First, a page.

Land Rover goes off the beaten path to ESPYs
We love sports. We love the thrill of competition. We love a battle down to the last one standing. Blood, sweat and tears, and then the glory.
With the barrage of bad news clouding sports of late, it’s good to be reminded that most players are actually down-to-earth, hard working individuals. Players that have unresolved personal issues that come with too much fame and money too young, or a lack of personal family structure often overshadow the down-to-earth nature of the average professional athlete. Most of these athletes achieved success by simply playing their hardest and following the rules that bind them on the court and off the field. And there’s those who stand out from the bunch — true, honest all-stars with integrity, and a conscience, too. Cheering for people we like is part of the attraction of sports enthusiasts.
After interviewing dozens of NFL, NBA, MLB, tennis, hockey players, and of course NASCAR drivers, I’m always touched by the many who are involved in causes. They invite you to their events, they speak with seriousness about children or finding cures for illnesses. These are the men and women who make me love their games that much more — real champions.
Many players across professional sports have their own foundations and participate on a regular basis in the effort to raise money and awareness. Our good friend CBS NFL (and prominent vintage car collector) host James Brown honors exemplary NFL players who show their leadership at the annual JB Awards with recent honorees including Ben Roethlisberger of the Pittsburgh Steelers, Larry Fitzgerald of the Arizona Cardinals, Joe Flacco of the Baltimore Ravens, and Washington Redskin Clinton Portis, who attended the April gala. ESPN devotes a The ESPYS are one off-the-court event where sportsmanship shines in the form athletes do-gooders in between the bravado of saluting those with the best moves.
Unlike most televised awards shows, the ESPYS set a precedent with a portion of its proceeds designated for charity the V Foundation, named for its founder, Jim Valvano, a former North Carolina basketball coach who fought a long battle against cancer. Partnering with ESPN, the foundation has raised over 80 million dollars in 15 years.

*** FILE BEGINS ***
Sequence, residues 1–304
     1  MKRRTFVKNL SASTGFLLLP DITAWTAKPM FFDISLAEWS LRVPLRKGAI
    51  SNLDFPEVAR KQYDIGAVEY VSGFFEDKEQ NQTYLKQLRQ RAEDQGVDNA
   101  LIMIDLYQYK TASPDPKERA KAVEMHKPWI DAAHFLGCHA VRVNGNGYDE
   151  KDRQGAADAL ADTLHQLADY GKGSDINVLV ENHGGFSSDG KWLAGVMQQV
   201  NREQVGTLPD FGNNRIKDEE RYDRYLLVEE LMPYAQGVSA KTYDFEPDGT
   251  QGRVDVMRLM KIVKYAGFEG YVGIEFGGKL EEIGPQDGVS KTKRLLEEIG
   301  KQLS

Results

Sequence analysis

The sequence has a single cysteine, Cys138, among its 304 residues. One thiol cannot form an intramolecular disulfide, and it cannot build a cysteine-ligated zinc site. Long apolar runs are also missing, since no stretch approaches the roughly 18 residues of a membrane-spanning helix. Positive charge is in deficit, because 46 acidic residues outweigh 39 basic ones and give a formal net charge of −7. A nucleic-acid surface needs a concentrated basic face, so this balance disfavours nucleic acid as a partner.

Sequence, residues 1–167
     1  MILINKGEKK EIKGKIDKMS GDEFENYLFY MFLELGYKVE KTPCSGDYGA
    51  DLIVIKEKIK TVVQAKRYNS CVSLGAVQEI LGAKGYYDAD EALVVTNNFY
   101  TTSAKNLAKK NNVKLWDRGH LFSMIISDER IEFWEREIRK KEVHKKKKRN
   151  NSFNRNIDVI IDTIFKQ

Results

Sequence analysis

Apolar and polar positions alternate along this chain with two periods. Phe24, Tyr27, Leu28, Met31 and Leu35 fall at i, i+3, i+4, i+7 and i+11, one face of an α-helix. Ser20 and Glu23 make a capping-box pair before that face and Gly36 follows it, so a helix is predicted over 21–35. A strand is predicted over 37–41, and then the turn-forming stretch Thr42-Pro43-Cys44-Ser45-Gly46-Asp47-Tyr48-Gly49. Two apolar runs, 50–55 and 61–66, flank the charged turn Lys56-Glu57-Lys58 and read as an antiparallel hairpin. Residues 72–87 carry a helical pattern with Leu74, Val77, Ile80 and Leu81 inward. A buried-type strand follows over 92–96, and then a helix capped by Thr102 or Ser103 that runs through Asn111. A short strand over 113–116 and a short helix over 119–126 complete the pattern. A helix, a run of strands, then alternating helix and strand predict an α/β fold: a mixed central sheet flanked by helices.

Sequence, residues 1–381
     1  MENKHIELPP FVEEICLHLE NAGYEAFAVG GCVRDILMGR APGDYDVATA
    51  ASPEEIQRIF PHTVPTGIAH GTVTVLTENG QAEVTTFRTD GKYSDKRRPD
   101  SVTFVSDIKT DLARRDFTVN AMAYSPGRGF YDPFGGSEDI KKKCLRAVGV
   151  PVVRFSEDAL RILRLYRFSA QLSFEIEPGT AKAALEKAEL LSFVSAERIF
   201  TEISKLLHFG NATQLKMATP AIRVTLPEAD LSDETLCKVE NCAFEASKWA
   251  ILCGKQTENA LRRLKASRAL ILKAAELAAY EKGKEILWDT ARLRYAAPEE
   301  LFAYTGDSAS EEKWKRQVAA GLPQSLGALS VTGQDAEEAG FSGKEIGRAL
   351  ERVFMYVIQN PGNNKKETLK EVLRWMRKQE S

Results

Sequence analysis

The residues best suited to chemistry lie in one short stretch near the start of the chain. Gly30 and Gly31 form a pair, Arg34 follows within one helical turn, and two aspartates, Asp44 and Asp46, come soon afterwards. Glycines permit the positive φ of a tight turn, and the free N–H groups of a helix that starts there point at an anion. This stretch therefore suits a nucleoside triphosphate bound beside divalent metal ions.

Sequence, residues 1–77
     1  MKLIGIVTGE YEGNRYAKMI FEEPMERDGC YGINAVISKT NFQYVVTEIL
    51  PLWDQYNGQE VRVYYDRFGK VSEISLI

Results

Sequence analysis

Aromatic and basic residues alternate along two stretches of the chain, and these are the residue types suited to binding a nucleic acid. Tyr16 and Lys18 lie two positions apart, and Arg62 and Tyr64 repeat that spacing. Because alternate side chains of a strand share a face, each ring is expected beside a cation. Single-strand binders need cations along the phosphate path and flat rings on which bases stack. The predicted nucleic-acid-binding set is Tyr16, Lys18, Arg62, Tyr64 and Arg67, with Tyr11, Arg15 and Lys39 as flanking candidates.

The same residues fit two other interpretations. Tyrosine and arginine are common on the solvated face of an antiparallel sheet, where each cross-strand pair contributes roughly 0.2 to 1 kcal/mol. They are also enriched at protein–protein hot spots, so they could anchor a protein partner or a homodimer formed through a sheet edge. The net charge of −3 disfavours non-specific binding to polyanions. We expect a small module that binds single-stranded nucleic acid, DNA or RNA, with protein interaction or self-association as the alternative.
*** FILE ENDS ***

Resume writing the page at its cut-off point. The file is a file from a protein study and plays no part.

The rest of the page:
The Arthur Ashe Courage Award is another ESPY highlight along benevolent lines, honoring personal courage and or charitable works outside the sport venue, with winners including Muhammad Ali and another one of our favorite athletes tennis star Billie Jean King. Land Rover is on board with sponsorship — a good fit for rough and rugged off-road champ that is into rescuing people from peril. The ESPYs tape tonight and will air this weekend. We need more light on what’s athletes are doing throughout their communities to balance out players who behave like bozos and cheat or whose off-season foibles and bad choices cast a dark shadow over the sporting life. We like the good guys (and gals) the ones who shed light on towns big and small, the ones who often return home and give back to their native communities –who are the winners at the end of the day.
Onto the glitz and glam of the year in sports for those at the top of their game. Here are our votes for ESPY night based on unscientific, biased fan basis: Serena Williams Tennis, Pittsburgh Steelers, Michael Phelps,Federer vs. Nadal 2008 Wimbledon Final, Usain Bolt Olympic Sprinter, F1 Driver Lewis Hamilton, Boxer Manny Pacquiao, Francisco Rodriguez, Shaun White Snowboarding/Skateboarding, Tiger Woods, Detroit Red Wing Pavel Datsyuk and the Wrestler. What are yours?
And the nominees are: [click to continue…]